Canada explores use of isotopes used in space exploration

10 January 2024

Nuclear Innovation company Nuclear Promise X (NPX) and the Canadian Nuclear Isotope Council (CNIC) are collaborating to explore the feasibility of producing isotopes for possible use in deep space exploration applications. NPX and CNIC will undertake a study for the Canadian Space Agency (CSA) to determine whether Canadian nuclear reactors and research reactors can be used to produce isotopes to power devices used in space exploration.

Radioisotopes support space exploration in a number of ways, and are used to power some of NASA’s spacecraft and devices. These Radioisotope Power Systems (RPSs) have been flown by NASA since the 1960’s to provide reliable power and heat. Most spacecraft and devices use solar panels to generate power, but these have limitations for exploring the distant reaches of the solar system or for long-lived missions on other planets. Plutonium-238 (Pu-238), a non-weapons-grade radioactive material that generates large amounts of heat in its radioactive decay, offers another solution and source of power for complex space missions.

This study will explore how nuclear reactors in Canada can be used to irradiate Neptunium-237 (Np-237) into Pu-238 and all costs associated with production, shipment, and extraction of the energy source. The goal is to understand if it is economically feasible for reactors in Canada to add Pu-238 to their existing fleet of isotope production, leveraging the already in-place infrastructure used for medical isotope production.

“NPX always looks to operate in the intersection of Nuclear Energy and Innovation,” said Bharath Nangia, CEO of NPX. “This is going to be a rewarding and creative project, that has the potential to add a lot of value”.

James Scongack, Chair of the CNIC Board noted that Canada is a “Tier 1 nuclear nation, and its isotope supply chain is one of the most profound in the world”. He added: “This feasibility study is aligned with our Isotopes for Hope Campaign launched in 2023 to assert Canada’s global leadership role in the use of isotopes to tackle our great challenges. Together our companies working with NPX hope to demonstrate another example of why radioisotopes are so important to modern society.”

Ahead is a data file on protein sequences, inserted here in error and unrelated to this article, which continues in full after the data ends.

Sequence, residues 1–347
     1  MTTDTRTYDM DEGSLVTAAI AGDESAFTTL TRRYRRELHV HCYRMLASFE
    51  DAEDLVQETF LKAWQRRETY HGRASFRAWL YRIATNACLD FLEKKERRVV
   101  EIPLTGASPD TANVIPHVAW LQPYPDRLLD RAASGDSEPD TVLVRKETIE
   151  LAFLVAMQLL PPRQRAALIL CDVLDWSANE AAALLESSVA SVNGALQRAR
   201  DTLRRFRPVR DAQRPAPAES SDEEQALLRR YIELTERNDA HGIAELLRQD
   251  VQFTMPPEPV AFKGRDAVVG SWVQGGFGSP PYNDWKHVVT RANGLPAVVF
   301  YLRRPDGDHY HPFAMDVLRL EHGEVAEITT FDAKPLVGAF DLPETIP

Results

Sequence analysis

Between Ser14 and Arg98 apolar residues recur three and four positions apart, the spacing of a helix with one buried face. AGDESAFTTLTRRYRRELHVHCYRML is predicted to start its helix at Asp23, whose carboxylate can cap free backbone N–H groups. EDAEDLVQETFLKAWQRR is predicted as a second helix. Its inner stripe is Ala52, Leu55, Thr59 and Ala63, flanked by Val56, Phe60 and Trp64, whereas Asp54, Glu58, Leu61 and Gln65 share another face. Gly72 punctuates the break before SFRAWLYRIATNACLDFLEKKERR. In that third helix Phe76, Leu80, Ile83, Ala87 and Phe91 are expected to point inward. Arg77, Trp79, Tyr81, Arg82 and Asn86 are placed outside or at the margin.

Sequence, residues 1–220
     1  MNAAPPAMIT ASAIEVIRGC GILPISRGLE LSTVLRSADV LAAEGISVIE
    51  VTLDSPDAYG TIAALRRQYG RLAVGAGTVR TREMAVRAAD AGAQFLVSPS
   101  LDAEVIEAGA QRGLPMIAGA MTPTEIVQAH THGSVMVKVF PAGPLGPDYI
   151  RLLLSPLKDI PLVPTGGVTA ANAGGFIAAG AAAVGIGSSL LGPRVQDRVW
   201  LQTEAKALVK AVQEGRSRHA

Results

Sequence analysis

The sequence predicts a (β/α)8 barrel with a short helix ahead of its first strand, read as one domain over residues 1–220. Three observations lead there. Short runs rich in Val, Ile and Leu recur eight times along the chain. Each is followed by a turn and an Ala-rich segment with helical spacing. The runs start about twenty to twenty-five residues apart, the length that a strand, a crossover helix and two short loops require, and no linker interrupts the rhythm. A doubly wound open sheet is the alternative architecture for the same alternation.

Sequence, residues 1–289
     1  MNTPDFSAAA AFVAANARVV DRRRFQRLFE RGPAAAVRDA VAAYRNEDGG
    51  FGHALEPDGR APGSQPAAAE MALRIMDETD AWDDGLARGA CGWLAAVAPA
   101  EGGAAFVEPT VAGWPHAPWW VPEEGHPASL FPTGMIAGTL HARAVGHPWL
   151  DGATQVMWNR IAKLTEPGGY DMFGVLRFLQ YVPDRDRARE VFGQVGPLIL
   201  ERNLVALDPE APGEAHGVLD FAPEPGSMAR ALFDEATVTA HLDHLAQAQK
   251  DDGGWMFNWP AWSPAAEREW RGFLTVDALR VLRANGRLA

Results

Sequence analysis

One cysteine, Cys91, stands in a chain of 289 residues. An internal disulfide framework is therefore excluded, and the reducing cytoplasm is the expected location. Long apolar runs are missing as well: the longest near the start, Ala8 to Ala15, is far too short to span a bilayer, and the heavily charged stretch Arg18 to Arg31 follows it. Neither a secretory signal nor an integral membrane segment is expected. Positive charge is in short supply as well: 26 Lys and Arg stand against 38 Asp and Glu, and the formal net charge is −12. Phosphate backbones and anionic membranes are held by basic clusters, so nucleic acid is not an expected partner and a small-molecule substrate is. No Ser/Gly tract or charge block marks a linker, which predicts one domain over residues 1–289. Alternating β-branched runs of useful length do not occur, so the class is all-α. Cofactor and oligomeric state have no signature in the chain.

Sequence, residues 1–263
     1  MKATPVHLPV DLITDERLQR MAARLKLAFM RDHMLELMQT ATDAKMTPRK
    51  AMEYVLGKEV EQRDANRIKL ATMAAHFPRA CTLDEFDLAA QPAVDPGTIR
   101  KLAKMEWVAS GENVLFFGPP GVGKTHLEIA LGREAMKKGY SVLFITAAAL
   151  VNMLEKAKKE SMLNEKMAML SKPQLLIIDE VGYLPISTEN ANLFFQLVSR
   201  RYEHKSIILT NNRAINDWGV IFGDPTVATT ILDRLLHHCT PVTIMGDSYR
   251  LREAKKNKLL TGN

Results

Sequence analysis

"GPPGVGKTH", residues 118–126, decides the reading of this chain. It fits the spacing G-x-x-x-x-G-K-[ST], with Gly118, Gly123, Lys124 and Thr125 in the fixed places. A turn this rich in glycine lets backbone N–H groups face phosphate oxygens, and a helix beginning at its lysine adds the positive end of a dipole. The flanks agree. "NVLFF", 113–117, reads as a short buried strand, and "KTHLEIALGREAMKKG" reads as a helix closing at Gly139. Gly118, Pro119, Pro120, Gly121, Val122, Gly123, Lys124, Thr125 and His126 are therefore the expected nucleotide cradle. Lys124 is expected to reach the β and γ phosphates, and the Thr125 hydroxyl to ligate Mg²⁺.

In this study, CNIC members will help evaluate the feasibility of production and level of capability, with NPX providing the overall Project Management and Engineering function.

The US Department of Energy restarted production of Pu-238 in 2015 after a lapse of some 30 years. With the closure of the K-reactor at Savannah River Site in the late 1980s, the US lost its ability to produce plutonium-238 for space exploration. However, NASA and DOE agreed to re-establish a robust domestic supply chain of plutonium-238 in 2015 to ensure a reliable source of fuel for future missions.

In the interim, plutonium-238 was supplied to the US directly from Russia. At a cost of some $2.5m per kilogram. However, this trade ended due to the restructuring of the Russian nuclear industry in 2009. Nevertheless, the stockpiled Russian plutonium-238 was enough to equip most American spacecraft for some time. DOE in 2013 set a target of starting production of its own product in quantities of at least 1.5 kg a year. Oak Ridge National Laboratory in 2015 produced the first US-produced Pu-238 in nearly three decades. The first NASA mission to use new plutonium-238 produced by DOE was NASA’s Perseverance rover, which landed on Mars in 2021 and continues to explore the surface of the planet today.

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